One of the more high-profile examples of a deal that fell apart was the outline of a proposed "grand bargain" budget agreement between Obama and House Speaker John Boehner in 2011.

The deal would have required compromise from both sides. It slashed domestic spending more than most Democrats wanted and would have raised some taxes, which most Republicans oppose.

Boehner couldn't sell the plan to tea party factions in the House or to other conservative activists. And Obama found himself accused of going too far by some Democratic leaders. The deal died before it ever even came up for a vote.
Here's the fact that perhaps the AP reporter conveniently forgot: It was Boehner who killed that deal, and Boehner alone. (This is has been backed up recently by the leaks from Bob Woodward's new book.) And that has been the story, time after time after time, of Obama's dealings with Republicans, both in the House and in the Senate: He reaches out his hand to them, and it comes back a bloody stump. They have been so bent on his destruction that normal legislating has been impossible. Or is the reporter utterly unaware of the obscene rate at which the GOP deployed the filibuster in the Senate during Obama's tenure?

It only goes downhill from there. The analyst similarly dismisses Clinton's perfectly accurate statistics about the growth in health-care costs with a wave of the airy brush:
That's wishful thinking at best. The nation's total health care tab has been growing at historically low rates, but most experts attribute that to continued uncertainty over the economy, not to Obama's health care law.
But neither can the analyst prove that it's an inaccurate prediction of future behavior, either -- unless, of course, he's a Foxian propagandist instead of a factual analyst.

Why else would you dismiss Clinton by then blaming him for the economic downturn of 2008 -- without any mention of the far more dominant role played by the Republican policies of George W. Bush in creating that disaster?
Clinton is counting on voters to recall the 1990s wistfully and to cast a vote for Obama in hopes of replicating those days in a second term. But Clinton leaves out the abrupt downward turn the economy took near the end of his own second term and the role his policies played in the setting the stage for the historic financial meltdown of 2008.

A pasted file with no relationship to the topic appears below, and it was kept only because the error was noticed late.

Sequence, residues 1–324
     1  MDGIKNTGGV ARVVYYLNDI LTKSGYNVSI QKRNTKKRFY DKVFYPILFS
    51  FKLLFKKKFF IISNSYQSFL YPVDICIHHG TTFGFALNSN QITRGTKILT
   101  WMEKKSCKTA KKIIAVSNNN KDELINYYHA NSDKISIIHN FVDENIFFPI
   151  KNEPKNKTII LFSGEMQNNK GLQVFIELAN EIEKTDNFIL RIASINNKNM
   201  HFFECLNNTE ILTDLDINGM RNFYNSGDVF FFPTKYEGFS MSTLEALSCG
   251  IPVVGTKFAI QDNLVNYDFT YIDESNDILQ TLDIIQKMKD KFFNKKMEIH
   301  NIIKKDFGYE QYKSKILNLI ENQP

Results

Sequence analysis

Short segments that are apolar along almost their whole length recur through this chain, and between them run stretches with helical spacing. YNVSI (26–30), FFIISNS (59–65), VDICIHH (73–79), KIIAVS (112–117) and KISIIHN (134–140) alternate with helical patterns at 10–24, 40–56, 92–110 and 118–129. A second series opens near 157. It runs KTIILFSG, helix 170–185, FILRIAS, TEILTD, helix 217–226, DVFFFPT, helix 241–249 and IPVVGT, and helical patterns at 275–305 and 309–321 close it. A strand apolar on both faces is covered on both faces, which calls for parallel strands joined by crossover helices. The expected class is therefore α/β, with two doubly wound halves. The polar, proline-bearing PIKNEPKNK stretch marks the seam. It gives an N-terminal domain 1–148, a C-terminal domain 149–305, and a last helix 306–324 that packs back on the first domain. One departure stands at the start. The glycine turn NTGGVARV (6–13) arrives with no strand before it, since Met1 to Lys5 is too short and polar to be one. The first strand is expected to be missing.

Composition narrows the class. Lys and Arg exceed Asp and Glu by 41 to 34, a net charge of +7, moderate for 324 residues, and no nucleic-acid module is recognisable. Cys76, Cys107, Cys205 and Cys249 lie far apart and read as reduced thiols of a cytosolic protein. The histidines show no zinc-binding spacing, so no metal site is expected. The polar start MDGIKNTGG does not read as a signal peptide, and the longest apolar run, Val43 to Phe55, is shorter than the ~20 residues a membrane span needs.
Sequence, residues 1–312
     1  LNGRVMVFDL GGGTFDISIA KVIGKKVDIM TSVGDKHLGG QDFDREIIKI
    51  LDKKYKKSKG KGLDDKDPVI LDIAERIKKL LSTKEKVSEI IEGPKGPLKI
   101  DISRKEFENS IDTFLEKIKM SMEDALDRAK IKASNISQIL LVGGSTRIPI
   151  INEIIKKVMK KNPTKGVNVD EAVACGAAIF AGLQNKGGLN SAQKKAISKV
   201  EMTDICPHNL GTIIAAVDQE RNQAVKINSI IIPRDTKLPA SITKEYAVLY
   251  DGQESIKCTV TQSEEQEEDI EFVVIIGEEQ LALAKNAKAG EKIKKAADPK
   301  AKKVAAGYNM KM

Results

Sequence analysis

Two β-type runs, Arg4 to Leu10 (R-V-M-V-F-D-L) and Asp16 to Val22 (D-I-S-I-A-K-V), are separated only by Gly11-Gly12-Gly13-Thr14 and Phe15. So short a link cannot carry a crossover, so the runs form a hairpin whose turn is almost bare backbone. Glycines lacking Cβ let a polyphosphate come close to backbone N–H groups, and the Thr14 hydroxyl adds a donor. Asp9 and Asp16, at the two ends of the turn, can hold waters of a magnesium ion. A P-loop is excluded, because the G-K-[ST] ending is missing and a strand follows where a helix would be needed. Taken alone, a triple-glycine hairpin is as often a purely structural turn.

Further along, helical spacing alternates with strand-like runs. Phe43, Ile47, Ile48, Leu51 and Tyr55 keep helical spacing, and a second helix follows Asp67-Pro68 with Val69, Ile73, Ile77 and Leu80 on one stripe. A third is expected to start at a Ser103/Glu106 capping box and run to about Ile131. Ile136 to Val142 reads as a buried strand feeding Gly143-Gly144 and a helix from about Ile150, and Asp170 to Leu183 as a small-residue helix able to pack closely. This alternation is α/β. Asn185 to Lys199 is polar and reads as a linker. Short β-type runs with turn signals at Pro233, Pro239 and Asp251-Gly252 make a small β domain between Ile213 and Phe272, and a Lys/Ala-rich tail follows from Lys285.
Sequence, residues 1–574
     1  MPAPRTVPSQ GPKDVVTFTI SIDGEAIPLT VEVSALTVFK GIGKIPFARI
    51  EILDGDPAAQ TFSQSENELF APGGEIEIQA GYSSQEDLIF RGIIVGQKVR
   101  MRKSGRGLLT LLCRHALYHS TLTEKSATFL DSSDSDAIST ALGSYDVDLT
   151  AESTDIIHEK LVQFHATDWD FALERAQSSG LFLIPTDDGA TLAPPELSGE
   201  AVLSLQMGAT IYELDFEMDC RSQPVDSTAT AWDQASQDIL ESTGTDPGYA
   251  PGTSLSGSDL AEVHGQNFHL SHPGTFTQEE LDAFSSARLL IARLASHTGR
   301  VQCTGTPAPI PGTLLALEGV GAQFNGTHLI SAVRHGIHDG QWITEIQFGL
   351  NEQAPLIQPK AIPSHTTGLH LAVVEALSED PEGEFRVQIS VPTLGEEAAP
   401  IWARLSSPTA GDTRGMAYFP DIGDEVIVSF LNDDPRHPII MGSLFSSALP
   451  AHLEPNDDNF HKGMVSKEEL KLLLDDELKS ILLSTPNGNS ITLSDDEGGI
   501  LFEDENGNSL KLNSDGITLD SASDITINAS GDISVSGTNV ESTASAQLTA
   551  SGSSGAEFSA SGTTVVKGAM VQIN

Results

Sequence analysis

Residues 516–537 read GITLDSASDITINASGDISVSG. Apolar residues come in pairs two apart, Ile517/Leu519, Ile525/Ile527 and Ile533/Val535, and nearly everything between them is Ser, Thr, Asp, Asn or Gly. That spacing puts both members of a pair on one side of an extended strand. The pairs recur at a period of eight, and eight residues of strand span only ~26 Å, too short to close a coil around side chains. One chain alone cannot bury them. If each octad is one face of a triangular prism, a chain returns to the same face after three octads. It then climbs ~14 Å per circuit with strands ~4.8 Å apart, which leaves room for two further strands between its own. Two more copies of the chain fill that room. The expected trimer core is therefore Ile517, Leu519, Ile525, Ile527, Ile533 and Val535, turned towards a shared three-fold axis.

Then the analyst makes his descent into Foxhood complete by again dismissing Clinton's point about the Romney campaign's flagrant use of falsehoods by pointing to his own scandal -- a classic ad hominem, complete with a side of nasty:
THE FACTS: Clinton, who famously finger-wagged a denial on national television about his sexual relationship with intern Monica Lewinsky and was subsequently impeached in the House on a perjury charge, has had his own uncomfortable moments over telling the truth. "I did not have sexual relations with that woman, Miss Lewinsky," Clinton told television viewers. Later, after he was forced to testify to a grand jury, Clinton said his statements were "legally accurate" but also allowed that he "misled people, including even my wife."
As Aviva Shen observes:
During its fact-check of this claim, the AP article had to ignore the Romney campaign’s dishonest attack on Obama’s welfare work requirements, which even Republican governors have questioned. It also fails to consider the campaign’s habit of deliberately editing Obama out of context, as they did in Romney’s first ad, which attributed the line, “If we talk about the economy, we’re going to lose,” to Obama when he was actually mimicking the McCain campaign in 2008. Also missing is the fact that the Republican National Convention last week was based on a distortion of Obama’s “you didn’t build that” quote. ThinkProgress has compiled a comprehensive catalog of Romney’s lies on virtually every issue he’s had to discuss.

Rather than attempt to debunk Clinton’s attack on the campaign’s dishonesty, the AP could only imply that Clinton cannot criticize any false claims because of his past scandal.
And then media folks wonder why no one take print media seriously anymore. Time to call for another blogger ethics panel!

Lyin' Dick Morris Slimes Clinton, Obama In One Swell Foop

[Cross-posted at Crooks and Liars.]

[H/t Media Matters]
I love it when Dick Morris gets on TV and begins making dire pronouncements about Democrats. Because it always means things are actually going well.

Morris, after all, is famous for making hilariously bad predictions (got to wonder how that right-wing remake of the education system is going, not to mention those Obama impeachment proceedings) and offering even worse political advice -- when he isn't also just blathering right-wing zombie lies. Most of all, he loves casting his former bosses, the Clintons, in as depraved and bleak a light as possible.

He's just always wrong -- something Jon Stewart points out with some zest. He's a perfect reverse barometer for what's happening in reality.